Jan Tinbergen and Milton Friedman were both very much inspired making economic theory work, applying it in service of society. The Tinbergen approach - the economist as Social Engineer - was exported to Chicago in the 1940s where one of Tinbergen’s students - Tjalling Koopmans - became a prominent member of the Cowles Commission, where his method and style clashed with the Economics Department dominated by Milton Friedman who was a public intellectual. Koopmans preferred the Walrasian method of looking at economics whereas Friedman relied on a Marshallian, partial equilibrium approach. With Friedman’s departure from Chicago in 1977 his method and approach disappeared. The work of Koopmans and the Cowles Commission more generally formed the basis for New Classical Economics and came to dominate the practice of economics. The irony of these two icons of economics is that they produced disciples who carried their initiative too far.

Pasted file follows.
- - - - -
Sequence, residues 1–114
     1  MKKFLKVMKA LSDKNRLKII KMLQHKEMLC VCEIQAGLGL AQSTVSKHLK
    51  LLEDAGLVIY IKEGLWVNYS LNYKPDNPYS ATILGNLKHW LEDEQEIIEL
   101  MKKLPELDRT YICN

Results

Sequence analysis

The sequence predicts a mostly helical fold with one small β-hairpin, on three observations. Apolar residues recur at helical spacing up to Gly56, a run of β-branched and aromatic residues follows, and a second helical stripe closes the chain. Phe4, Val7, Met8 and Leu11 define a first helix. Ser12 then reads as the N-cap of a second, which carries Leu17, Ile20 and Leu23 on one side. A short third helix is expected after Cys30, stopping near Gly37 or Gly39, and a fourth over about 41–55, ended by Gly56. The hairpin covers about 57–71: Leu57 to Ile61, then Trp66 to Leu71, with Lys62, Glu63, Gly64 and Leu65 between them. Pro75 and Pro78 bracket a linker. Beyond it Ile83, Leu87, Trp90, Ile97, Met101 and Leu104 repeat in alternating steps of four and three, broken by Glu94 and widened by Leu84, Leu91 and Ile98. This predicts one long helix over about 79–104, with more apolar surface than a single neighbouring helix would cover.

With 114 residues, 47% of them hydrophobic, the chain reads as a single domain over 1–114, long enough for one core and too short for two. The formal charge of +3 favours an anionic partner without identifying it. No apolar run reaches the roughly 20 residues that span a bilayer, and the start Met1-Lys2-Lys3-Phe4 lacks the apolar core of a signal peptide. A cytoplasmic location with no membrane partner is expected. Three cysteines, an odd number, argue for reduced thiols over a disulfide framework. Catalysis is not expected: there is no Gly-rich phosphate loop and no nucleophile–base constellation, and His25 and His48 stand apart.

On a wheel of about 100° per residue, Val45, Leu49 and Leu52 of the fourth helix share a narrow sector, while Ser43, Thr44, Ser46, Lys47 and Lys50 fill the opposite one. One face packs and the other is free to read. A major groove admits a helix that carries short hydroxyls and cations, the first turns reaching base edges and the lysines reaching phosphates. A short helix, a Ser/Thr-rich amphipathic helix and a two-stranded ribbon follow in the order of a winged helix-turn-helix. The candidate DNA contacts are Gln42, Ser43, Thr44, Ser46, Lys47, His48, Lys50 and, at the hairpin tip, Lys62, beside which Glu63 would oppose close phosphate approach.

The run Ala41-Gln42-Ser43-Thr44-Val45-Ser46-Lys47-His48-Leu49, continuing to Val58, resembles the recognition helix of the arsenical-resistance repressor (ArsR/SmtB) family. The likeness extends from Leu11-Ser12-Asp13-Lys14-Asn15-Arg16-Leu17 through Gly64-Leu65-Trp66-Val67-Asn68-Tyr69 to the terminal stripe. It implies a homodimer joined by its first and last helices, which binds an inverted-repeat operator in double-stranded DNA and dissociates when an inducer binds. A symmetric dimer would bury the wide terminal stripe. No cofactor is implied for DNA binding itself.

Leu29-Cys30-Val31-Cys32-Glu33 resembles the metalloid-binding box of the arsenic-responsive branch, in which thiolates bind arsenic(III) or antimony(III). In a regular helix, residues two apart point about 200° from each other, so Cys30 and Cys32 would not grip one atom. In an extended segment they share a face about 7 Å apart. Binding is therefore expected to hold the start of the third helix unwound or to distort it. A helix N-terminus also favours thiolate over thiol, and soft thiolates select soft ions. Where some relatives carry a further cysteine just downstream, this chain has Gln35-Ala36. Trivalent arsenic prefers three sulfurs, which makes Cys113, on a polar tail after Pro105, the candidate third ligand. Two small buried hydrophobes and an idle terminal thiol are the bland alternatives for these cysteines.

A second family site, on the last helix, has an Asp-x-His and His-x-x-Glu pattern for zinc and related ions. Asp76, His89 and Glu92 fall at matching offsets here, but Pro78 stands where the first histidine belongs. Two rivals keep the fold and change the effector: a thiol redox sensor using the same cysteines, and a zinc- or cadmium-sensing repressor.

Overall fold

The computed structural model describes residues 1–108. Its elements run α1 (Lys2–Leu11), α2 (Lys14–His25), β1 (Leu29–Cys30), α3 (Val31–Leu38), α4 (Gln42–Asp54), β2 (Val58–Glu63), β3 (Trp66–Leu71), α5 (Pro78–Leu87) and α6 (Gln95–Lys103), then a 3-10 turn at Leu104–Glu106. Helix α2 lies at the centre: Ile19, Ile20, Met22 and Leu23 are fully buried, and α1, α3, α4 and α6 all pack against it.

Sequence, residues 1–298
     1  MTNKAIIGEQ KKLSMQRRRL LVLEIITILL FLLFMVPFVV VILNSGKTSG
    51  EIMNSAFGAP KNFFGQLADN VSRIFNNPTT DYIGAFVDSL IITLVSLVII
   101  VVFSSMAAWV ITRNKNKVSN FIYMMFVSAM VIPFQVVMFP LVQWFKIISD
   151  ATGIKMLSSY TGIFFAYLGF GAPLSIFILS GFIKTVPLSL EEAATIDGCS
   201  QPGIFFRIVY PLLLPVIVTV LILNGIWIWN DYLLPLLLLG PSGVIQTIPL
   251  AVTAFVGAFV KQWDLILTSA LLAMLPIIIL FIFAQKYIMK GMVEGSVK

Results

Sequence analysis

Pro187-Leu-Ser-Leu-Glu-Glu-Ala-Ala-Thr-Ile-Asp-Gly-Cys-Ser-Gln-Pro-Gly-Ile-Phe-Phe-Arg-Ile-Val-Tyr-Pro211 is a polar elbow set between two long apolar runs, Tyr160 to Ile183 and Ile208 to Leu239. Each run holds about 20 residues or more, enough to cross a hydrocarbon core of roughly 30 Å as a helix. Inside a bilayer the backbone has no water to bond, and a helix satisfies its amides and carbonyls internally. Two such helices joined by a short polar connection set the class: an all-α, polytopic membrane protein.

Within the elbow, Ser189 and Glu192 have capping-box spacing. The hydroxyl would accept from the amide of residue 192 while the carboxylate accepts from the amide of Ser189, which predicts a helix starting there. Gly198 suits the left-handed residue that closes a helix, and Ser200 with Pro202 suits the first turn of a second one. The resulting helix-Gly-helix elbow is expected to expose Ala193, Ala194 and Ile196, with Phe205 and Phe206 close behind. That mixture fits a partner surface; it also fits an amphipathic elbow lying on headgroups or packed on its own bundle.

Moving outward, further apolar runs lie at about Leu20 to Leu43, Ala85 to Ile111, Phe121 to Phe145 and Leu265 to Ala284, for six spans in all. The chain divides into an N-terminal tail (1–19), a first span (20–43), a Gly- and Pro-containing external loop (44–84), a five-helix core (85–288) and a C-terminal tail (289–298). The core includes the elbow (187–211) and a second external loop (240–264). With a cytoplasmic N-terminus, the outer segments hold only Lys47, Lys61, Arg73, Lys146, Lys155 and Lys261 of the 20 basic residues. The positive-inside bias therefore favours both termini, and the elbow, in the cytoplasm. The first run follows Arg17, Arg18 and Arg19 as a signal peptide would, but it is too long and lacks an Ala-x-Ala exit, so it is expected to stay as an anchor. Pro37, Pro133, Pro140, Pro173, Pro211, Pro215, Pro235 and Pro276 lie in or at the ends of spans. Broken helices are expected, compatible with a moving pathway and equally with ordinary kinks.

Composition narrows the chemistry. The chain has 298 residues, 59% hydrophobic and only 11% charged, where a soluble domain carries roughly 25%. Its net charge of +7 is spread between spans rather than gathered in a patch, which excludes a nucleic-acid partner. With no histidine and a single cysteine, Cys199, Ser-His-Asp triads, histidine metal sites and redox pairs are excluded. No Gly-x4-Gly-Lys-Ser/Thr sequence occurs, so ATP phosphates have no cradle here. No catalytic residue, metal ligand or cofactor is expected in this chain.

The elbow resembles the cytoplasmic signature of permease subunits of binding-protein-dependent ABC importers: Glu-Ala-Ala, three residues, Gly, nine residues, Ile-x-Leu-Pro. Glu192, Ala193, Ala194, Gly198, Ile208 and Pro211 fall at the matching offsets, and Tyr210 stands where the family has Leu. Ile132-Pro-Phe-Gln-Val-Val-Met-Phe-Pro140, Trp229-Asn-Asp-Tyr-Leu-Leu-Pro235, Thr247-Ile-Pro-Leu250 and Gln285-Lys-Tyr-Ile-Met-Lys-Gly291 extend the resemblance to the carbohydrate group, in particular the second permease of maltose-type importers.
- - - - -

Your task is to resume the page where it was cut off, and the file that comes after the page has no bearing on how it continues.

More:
|Title of host publication||Four Centuries of Dutch-American Relations, 1609-2009|
|Editors||H. Krabbendam, C.A. van Minnen, G. Scott-Smith|
|Place of Publication||USA|
|Publication status||Published - 2009|
van Dalen, H. P., & Klamer, A. (2009). Trading economics across the Atlantic: Jan Tinbergen for Milton Friedman. In H. Krabbendam, C. A. van Minnen, & G. Scott-Smith (Eds.), Four Centuries of Dutch-American Relations, 1609-2009 (pp. 773-784). SUNY, Albany.